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After losing eight of their first 10 games to start the season, the Toronto Raptors have won 14 of their last 23 matchups, surging to fifth in the Eastern Conference.

The Raptors had to quickly recharge during a truncated offseason, get acclimated to a new setting and adjust to Aron Baynes and Chris Boucher stepping into the void left by the departures of Marc Gasol and Serge Ibaka. Despite all of that, they’re scoring the 10th-most points per 100 possessions, are 13th in defensive rating and have the ninth-best net rating in the NBA.

Through Toronto’s ups and downs this season, they’ve been able to count on Fred VanVleet. After signing a four-year, $85 million contract to remain with the Raptors, the fifth-year guard from Wichita State has once again taken his game to a higher level. He’s averaging 20 points, 6.7 assists and 4.5 rebounds — all career-bests — and eighth in the NBA with 1.7 steals per contest. It’s discomforting to imagine where this team would be if he had left.

Then there’s Pascal Siakam, who’s finally shaken off a rough second-round series against the Boston Celtics last postseason and thawed from an icy start to his 2020-21 campaign. Siakam is averaging 20.1 points, 7.5 rebounds, 4.8 assists, and 1.2 steals per game. One of the main reasons for his turnaround has been Siakam’s growth as a facilitator: those 4.8 assists represent a career-best. And, with the Raptors shifting more towards small-ball, Siakam is thriving working off a screen from guards, spotting where the defense is vulnerable and taking advantage of it.

Another crucial component of Siakam’s improvement is him playing with more energy on the defensive end. Effort can only take a defender so far, but when that individual is 6-foot-9 with a 7-foot-3 wingspan and has the strength, quickness and intelligence to guard positions one-through-five for varying amounts of time, doing so can have a significant impact on the outcome of the game.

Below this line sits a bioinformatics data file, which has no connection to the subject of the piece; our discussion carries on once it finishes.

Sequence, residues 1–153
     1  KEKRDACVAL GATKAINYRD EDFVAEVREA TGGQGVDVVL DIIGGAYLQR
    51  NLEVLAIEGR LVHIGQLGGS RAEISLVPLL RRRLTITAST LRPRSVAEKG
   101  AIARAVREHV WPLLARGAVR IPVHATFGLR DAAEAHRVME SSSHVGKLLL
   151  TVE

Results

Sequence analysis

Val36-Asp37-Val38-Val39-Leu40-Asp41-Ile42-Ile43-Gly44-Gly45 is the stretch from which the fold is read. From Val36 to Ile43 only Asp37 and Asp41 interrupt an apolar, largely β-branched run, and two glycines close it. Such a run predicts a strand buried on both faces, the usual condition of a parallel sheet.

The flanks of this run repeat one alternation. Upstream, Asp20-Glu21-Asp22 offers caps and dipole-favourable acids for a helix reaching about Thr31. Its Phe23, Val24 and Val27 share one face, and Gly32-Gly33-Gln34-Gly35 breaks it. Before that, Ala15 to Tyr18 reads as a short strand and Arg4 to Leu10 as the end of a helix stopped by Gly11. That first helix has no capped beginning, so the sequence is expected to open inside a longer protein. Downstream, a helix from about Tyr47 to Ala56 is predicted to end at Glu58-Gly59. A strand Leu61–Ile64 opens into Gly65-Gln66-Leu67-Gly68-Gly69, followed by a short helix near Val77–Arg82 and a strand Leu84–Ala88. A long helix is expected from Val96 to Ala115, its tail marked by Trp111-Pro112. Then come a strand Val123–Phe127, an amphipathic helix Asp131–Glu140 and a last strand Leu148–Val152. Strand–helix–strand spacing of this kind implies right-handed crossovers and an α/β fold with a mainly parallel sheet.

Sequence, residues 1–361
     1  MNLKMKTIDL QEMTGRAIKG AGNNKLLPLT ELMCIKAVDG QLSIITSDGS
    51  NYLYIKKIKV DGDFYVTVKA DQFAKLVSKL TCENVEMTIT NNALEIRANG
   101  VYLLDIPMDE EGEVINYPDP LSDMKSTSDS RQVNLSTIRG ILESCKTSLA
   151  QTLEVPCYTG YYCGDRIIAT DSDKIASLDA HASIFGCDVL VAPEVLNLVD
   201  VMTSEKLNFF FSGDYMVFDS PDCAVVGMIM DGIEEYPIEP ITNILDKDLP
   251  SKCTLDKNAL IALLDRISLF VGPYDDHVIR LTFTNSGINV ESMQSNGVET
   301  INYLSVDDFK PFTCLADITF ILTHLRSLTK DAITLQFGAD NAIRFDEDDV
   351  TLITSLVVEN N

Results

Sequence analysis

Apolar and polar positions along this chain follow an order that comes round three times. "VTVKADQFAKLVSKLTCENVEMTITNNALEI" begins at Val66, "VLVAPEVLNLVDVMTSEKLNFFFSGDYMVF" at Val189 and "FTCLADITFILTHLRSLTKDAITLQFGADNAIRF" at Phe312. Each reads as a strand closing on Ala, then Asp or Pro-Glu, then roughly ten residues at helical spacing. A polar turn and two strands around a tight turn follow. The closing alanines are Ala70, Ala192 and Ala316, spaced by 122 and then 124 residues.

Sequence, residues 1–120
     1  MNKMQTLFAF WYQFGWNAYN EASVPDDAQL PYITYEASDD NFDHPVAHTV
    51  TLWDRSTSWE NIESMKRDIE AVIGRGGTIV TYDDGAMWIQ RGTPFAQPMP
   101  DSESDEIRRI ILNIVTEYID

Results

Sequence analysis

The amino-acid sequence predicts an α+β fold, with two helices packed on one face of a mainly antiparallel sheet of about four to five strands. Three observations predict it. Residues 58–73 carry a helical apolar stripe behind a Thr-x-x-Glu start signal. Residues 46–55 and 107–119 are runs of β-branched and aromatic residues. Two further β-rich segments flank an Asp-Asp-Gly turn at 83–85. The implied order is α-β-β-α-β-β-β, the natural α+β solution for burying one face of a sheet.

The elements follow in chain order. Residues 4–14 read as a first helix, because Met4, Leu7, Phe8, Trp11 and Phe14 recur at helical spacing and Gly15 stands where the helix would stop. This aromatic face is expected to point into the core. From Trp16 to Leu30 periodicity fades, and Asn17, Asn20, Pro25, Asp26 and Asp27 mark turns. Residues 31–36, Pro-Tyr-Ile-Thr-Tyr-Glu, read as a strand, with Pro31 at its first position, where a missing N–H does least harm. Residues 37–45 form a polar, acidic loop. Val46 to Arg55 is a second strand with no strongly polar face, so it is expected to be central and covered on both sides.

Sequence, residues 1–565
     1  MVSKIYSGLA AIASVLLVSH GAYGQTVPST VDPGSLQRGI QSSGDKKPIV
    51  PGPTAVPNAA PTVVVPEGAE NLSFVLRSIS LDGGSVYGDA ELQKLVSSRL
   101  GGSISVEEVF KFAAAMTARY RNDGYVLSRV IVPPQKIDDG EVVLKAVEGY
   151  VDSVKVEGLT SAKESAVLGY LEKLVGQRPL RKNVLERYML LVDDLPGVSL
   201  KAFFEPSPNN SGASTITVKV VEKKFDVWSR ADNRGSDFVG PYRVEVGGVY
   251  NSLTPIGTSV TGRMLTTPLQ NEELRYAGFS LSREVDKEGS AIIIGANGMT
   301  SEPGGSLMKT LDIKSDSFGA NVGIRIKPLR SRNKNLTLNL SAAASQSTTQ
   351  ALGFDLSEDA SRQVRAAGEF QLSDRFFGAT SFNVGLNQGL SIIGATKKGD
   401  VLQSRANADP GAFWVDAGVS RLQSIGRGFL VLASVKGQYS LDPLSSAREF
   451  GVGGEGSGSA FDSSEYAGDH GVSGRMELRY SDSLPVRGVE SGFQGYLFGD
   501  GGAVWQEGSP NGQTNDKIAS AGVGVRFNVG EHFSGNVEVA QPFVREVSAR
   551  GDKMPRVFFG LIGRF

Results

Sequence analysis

While Siakam’s production has more of an impact on the Raptors’ ceiling than any other player on the team, Kyle Lowry, alongside VanVleet, establishes Toronto’s floor. Lowry, who turns 35 in March, is averaging 18 points, 6.5 assists, 5.5 rebounds, and 1.2 steals per game this season. He remains the heart and soul of the team. That makes it even more impressive that, despite losing him to a thumb injury during a Feb. 16 matchup against the Milwaukee Bucks, Toronto went on to win that night and again two days later, stretching their winning streak to four games (including a victory over the Philadelphia 76ers).

One major change stemming from the Raptors playing small more often is Norman Powell entering the starting lineup. He’s started his last 17 games and is averaging a team-high 21.8 points, 3.8 rebounds and 1.4 steals. During that stretch, the sharpshooting Powell is also knocking down 44.4 percent of his 6.4 threes per game and shooting 51.2 percent from the floor. Toronto has won 10 of those 17 games.

Powell gives the Raptors more offensive firepower, allows them to play faster and, when they don’t have a traditional center on the floor, has made it easier for them to switch on defense. It’s an adjustment that’s worked so well for Toronto, even in Lowry’s absence, Baynes came off the bench while DeAndre’ Bembry joined the starting lineup.